While unbelievably long, detailed, even mundane at times, this book is the best way imaginable to digest the history of the era leading up to America's entry into World War II. Herman Wouk's work is amazingly detailed, and provides so many different perspectives into the global climate that produced "the winds of war." My parents were of the WWII era, I lived one year in Germany (1968), and visited Pearl Harbor, and I was a history major in college. This book is real, humbling, eye-opening and passionate. It is a perfect summation of all I have read, heard, and seen of the juxtaposition of people, places, and politics that forever changed the World.
After weeks of having Mr. Wouk and Mr. Pariseau (who is nothing short of brilliant) in my car with me - I'm looking forward to more by diving into "War and Remembrance".
Kevin Pariseau is fantastic and makes this book come to life. The way he switches between, characters, accents and genders during the dialogue portions of the book is incredible. Even though this book is really long, I've enjoyed every minute of it!
Great story, keeps you interested. I really enjoyed the perspective. My only complaint is the narrator speaks too slow. This is easily fixed by changing the talking speed to 1.5.
very talented voice actor
Wouk seems to capture the essence of the 1940s americana. Great storytelling - cuts right through all the fluff usually associated with retelling WW2 and gets to how people were thinking and feeling. Very entertaining and interesting
I am so amazed by Wouk's ability to write a GOOD story. It was so very complete and well structured. The story flowed so very easily. I am really, very impressed. This book takes a lot of time, but if a book keeps me up late, hurting myself to find a stopping place so I can sleep, it gets 5 stars. Well done.
The story was really interesting, informative and captivating. Little by little, you're drawn in to this world and to the characters. You want to know what happens to them because you've gotten to know them and you care about them.
Character development and the descriptive settings and events in the story. You hear from different characters through their own unique perspective.
Kevin Pariseau gives everyone a different voice and accent. I liked FDR's character as I heard him given a voice by Kevin. It was excellent work.
As I listened to the noose tightening around Natalie and Aaron's living situation, I kept thinking that I wanted to tell them to get out, get out of there, right now!
I've already purchased
So many things. Great story to begin with, and a great narration made it so very listenable.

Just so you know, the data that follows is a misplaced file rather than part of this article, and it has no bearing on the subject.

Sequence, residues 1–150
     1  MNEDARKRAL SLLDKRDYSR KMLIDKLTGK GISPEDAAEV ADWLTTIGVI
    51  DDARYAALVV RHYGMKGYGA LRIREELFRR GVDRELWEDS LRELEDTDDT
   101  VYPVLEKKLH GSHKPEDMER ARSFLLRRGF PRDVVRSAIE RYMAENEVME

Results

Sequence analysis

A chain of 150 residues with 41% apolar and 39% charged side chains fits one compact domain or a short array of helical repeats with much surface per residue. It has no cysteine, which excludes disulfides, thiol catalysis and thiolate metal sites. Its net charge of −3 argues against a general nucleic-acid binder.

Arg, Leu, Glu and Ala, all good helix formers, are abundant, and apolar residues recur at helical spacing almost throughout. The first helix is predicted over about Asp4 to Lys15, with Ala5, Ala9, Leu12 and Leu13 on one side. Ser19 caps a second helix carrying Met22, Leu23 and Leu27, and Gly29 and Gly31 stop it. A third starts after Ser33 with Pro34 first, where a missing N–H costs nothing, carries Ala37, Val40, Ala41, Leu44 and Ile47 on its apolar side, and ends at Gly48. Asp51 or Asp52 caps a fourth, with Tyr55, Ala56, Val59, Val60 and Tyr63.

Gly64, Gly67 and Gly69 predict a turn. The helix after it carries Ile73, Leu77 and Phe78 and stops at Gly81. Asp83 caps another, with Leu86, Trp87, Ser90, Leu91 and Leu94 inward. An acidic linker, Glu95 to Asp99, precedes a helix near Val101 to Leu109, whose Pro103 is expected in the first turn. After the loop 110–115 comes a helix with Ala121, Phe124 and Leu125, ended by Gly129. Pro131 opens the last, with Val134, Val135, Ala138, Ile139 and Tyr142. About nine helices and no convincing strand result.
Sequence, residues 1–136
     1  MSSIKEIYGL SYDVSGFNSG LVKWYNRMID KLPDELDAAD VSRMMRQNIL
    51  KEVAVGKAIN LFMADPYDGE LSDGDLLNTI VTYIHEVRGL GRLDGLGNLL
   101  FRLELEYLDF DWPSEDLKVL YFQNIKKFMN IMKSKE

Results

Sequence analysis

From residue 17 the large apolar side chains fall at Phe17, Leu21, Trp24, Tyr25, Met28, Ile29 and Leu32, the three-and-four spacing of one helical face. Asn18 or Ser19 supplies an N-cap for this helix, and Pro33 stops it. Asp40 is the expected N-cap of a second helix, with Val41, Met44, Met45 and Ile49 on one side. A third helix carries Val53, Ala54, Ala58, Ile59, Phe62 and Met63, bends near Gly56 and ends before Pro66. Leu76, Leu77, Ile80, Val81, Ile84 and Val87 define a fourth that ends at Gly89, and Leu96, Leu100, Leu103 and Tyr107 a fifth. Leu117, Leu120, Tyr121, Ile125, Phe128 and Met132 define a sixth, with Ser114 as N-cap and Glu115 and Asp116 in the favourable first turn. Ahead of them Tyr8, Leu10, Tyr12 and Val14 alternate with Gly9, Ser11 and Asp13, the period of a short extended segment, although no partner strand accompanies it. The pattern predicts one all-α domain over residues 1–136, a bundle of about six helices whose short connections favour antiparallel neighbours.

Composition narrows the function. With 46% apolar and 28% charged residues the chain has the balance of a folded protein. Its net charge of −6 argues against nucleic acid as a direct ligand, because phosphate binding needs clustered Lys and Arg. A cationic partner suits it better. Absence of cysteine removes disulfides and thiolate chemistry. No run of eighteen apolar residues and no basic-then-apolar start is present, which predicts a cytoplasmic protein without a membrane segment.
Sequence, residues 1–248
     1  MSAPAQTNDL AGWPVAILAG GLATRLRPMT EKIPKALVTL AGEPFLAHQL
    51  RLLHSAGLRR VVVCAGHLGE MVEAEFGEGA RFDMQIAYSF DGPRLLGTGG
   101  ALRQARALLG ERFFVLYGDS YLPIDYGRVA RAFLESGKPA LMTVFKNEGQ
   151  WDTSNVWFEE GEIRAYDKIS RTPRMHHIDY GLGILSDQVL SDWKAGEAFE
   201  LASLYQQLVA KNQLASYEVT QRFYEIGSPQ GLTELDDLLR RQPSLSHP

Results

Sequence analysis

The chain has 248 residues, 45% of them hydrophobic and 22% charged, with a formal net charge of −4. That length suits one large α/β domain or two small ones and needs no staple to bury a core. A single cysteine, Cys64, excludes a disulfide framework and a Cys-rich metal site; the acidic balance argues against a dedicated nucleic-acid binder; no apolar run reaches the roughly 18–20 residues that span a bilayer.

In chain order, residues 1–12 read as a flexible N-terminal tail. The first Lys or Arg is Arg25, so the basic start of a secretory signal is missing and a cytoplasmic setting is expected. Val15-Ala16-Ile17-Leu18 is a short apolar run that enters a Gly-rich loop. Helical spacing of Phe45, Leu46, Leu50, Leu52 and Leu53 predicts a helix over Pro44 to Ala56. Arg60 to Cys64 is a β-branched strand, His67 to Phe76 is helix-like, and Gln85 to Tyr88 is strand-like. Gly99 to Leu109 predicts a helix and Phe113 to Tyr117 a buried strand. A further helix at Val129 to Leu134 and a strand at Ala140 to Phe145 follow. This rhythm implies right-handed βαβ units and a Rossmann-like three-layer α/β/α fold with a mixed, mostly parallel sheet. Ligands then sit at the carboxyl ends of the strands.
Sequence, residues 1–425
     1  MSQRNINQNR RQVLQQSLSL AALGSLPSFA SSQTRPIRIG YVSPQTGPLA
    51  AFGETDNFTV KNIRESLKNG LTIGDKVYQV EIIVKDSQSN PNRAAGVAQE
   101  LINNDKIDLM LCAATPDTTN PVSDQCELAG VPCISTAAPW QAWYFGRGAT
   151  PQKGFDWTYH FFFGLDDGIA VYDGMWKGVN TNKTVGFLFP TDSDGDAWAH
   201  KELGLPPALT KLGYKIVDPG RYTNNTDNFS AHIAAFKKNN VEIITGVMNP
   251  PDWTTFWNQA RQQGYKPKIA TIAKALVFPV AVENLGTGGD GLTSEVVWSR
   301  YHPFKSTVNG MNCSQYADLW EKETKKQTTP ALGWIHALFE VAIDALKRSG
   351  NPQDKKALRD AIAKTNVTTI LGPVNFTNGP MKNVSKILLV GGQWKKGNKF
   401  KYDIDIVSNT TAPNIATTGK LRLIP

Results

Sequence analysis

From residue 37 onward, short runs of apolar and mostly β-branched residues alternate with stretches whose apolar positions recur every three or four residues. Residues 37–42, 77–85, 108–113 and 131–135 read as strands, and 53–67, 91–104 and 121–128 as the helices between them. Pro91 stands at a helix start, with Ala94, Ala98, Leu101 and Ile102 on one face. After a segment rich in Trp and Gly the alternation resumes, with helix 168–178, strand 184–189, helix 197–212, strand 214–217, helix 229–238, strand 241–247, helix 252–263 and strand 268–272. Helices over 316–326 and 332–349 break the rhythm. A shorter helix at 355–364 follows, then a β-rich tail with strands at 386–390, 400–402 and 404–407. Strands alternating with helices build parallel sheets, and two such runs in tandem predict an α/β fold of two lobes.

Byron-because he grew so much in the story-but this also has to include War and Remembrance.
No, but he is very, very good. I love the way he can impersonate famous characters, and even songs of the era.
I think the name is too good to change.
Don't miss this!
Herman Wouk is a master both of the history of his period here, and of storytelling. Although as an American Jewish writer, he must have very painful feelings about the wartime events in Europe - especially in Poland, Russia, and Germany itself - he is able to inhabit the point of view of all his characters, whatever their nationality: the American family, the American Jewish family, the English family, and many other characters. One even sees Hitler and Roosevelt as real people - and in a slightly different light. This is astonishing because it enabled me to experience much more clearly than in a fictional film or documentary a little of what it meant to be alive in those various countries during WW2.
In its scope and focus on a handful of families involved, it might by some people be compared to Ken Follett's Fall of Giants about the First World War
This was the first time I heard Kevin Pariseau as narrator. Male and female characters were equally convincing, I thought. He also made a very good shot at the various European accents as well as giving Pug Henry exactly the warm strength that I felt he would have.
A major part of the book for me, was just how involved I felt with these people. Unlike us, they have no overview of the years they are living through, day by day. They can only guess at what is going to happen and hope for the best. There are even certain key points when you know more than they do and yet are unable to warn them or give help when they are powerless. The way the author ensured I felt empathy for the heightened experiences of war -the characters' ambitions, passions, fear, guilt, terror, powerlessness, fury, but also their humour, courage and love - this seemed to me to be the triumph of this book. The various strands of their stories did more than keep my interest all the way through - it kept me as anxious and hoping for a happy outcome as if these were people really known to me.
Superb story & narration
Pug Henry. The story is told thru his eyes.
No. He's not the very best I've ever heard, but he kept a very long story enjoyable. Other than some small mispronunciations, I'd be hard-pressed to criticize his performance. Very strong.
Was planning to wait quite awhile before listening to the sequel before I listened to the first one. Loved this so much that I will probably get it in the next few days.
I'm a keen, if eclectic, reader.
Yes, I rated this book 5 Stars in all three categories.
But, there are two stars here; Herman Wouk and Kevin Pariseau. The story Wouk tells is incredibly compelling and engaging. Just when I though I might have had enough of one character or situation he switched gears and always left me wanting more.
Pariseau, I think, is brilliant. So many characters, nationalities, accents and ages; but he does them all and does them well. He brought those characters to life for me in a way I may not have done reading the book.
I can't wait for War and Remembrance.